* CRTC studying telecom Bell’s buy of broadcaster CTV
* Regulator approved similar deal for Shaw/Canwest in 2010
* Review of regulatory framework planned amid convergence
By Alastair Sharp
TORONTO, Feb 1 (Reuters) - BCE Inc (BCE.TO), the parent of Bell Canada, defended its bid to take over broadcaster CTV on Tuesday, saying regulators have already allowed its competitors to buy programming assets.
The proposed purchase highlights a broader move by telecom and cable carriers to snap up content providers as consumers spend more time watching video on tablet computers and smartphones.
Pending approval from the Canadian Radio-television and Telecommunications Commission (CRTC), BCE will pay C$1.3 billion for CTV, the country’s biggest private broadcaster. Including debt, the deal comes in at C$3.2 billion. [ID:nN10251109]
“I’d be shocked if it doesn’t” get approved, said analyst Dvai Ghose of Canaccord Genuity. That said, the CRTC hearing is “interesting in terms of what rules and regulations they enforce in order to protect those who don’t have content,” he said.
BCE, Canada’s biggest telecommunications company, said it would pay as much as C$221 million to support independent content, in line with CRTC policy. The pledge reverses BCE’s earlier position that it should not have to make an additional payment because it paid C$230 million when it first bought CTV in 2000. BCE later reduced its stake in the broadcaster.
In opening statements at the hearing in Gatineau, Quebec, BCE Chief Executive George Cope said the deal deserves to be approved in part because BCE’s main competitors already own both content and the ability to transmit it.
He cited Bell’s largest competitor, Rogers Communications (RCIb.TO), which owns Sportsnet and acquired City TV almost four years ago. He said Quebecor’s (QBRa.TO) Videotron cable arm has had unique access to TVA assets for a decade, while Shaw Communications (SJRb.TO) owns Canwest and Corus media assets.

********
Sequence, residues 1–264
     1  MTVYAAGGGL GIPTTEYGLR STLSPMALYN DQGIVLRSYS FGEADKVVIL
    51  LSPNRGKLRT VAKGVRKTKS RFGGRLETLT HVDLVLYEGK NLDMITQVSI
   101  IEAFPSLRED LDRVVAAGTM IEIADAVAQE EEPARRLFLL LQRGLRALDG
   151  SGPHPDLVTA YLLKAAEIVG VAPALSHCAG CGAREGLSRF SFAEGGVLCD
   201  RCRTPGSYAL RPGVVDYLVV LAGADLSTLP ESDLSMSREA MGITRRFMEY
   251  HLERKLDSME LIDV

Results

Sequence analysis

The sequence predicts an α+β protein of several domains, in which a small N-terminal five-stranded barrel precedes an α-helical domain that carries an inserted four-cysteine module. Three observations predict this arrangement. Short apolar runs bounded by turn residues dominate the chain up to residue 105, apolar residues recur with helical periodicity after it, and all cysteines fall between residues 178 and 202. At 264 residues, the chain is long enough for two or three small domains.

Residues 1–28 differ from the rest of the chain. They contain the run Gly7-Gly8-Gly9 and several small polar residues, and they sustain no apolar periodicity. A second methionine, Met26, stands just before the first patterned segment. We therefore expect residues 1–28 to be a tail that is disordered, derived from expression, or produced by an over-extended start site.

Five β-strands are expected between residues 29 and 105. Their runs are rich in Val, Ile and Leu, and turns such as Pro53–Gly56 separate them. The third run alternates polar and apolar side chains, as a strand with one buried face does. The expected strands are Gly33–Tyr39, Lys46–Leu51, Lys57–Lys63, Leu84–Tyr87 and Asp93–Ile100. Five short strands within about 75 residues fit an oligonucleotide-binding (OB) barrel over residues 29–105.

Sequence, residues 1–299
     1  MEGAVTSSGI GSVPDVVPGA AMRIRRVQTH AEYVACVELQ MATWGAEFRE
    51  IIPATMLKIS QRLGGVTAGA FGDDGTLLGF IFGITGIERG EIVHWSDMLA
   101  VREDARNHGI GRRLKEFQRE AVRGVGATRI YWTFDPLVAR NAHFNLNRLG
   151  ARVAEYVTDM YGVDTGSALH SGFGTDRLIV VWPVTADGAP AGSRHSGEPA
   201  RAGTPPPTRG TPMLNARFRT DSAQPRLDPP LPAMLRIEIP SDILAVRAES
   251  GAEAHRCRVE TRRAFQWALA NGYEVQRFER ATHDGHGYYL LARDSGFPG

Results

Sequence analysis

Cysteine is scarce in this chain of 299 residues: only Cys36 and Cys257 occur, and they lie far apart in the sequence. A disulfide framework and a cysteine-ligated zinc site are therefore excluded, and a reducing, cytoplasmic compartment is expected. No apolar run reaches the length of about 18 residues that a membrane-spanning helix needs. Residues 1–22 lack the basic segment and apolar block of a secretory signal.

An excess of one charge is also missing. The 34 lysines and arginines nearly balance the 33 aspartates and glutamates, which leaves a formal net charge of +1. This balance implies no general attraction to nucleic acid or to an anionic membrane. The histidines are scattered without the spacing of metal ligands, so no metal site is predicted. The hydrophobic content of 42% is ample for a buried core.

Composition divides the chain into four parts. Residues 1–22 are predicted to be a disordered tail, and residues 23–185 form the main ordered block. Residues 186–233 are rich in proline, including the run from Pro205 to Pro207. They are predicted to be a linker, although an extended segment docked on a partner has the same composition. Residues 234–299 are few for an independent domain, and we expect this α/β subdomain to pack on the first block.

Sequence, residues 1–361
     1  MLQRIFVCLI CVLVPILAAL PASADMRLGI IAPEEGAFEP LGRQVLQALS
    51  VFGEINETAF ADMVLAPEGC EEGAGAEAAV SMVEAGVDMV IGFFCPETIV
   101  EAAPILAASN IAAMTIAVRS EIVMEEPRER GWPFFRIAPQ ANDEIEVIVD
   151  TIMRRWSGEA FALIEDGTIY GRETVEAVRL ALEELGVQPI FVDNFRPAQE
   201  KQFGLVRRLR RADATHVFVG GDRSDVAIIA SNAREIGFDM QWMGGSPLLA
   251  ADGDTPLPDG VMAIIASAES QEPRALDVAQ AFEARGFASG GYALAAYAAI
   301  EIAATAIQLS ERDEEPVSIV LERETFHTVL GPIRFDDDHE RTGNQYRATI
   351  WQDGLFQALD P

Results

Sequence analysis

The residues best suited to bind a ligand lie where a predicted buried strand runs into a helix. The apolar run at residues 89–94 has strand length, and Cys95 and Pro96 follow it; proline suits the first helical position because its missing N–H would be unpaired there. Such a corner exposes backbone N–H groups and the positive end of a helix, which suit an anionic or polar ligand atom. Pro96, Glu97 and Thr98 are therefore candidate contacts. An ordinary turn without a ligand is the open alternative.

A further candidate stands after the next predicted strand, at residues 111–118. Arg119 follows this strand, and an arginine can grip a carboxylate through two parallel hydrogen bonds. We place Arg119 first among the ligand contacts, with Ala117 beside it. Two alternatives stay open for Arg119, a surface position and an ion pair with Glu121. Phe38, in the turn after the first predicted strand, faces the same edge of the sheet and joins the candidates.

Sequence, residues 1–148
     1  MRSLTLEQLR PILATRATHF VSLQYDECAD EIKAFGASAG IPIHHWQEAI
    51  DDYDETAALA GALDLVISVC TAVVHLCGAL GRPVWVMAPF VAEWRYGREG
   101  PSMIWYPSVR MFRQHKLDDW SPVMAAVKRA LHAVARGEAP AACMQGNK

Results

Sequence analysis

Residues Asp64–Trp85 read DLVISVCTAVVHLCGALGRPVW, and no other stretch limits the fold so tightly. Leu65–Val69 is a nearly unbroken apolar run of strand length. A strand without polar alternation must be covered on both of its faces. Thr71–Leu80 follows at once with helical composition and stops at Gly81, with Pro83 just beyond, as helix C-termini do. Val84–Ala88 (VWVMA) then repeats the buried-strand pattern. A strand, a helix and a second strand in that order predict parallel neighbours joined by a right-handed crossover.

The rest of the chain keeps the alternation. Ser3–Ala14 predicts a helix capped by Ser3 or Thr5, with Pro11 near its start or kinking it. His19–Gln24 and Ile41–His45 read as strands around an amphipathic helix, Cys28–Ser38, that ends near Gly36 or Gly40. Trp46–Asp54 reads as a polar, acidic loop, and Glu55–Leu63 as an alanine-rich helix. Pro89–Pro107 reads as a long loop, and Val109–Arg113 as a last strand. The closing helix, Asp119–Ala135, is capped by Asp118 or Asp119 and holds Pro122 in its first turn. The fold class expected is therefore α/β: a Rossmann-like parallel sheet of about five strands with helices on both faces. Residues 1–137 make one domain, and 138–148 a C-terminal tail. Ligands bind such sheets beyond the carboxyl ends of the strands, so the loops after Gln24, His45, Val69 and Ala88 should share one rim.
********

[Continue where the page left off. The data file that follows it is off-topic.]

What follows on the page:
Indicative of the convergence trend, Quebecor’s Videotron launched a wireless service in Quebec in September [ID:nN09185742], while Shaw has delayed the launch of its own mobile network until early 2012. [ID:nSGE70CBAP]
The CRTC approved Shaw’s C$2 billion purchase of the broadcast assets of CanWest, which were in creditor protection, in October. [ID:nN22197862]
In that deal, the regulator said it expects Shaw to give competitors access to the TV programming it owns, including on mobile and on the Web, “on commercial terms.”
On the same day, the regulator said it would review its safeguards against anti-competitive behavior. Submissions for that review are due in March.
BCE has been more circumspect about whether it would retain some exclusive content, such as sports or financial news, for its own customers.
CTV owns the CP24 news channel, financial news outlet BNN and sports broadcasting rights via TSN.
An executive at Telus (T.TO), which teamed up with BCE to build a high-speed wireless network and has eschewed media assets, said last month a natural conflict exists between distribution and content. He said distributors want exclusivity, while content providers want to be seen as widely as possible to maximize advertising revenue. [ID:nN21246009]
“We recognise that the successful model of a content provider is based on distributing to our competitors and at the same time the success of Bell’s model is based on buying from the competitors of CTV,” BCE’s Cope said at the hearing.
He said he expects the head of CTV to lead a separate division within BCE.
“Hopefully that gives you some comfort over where we are heading,” he said.
The government’s Competition Bureau said it has no intention of challenging the BCE transaction but would monitor the CRTC’s wider review of the trend. The bureau has a year to reconsider a challenge.
The hearing is due to conclude on Friday and a decision announced within 35 days.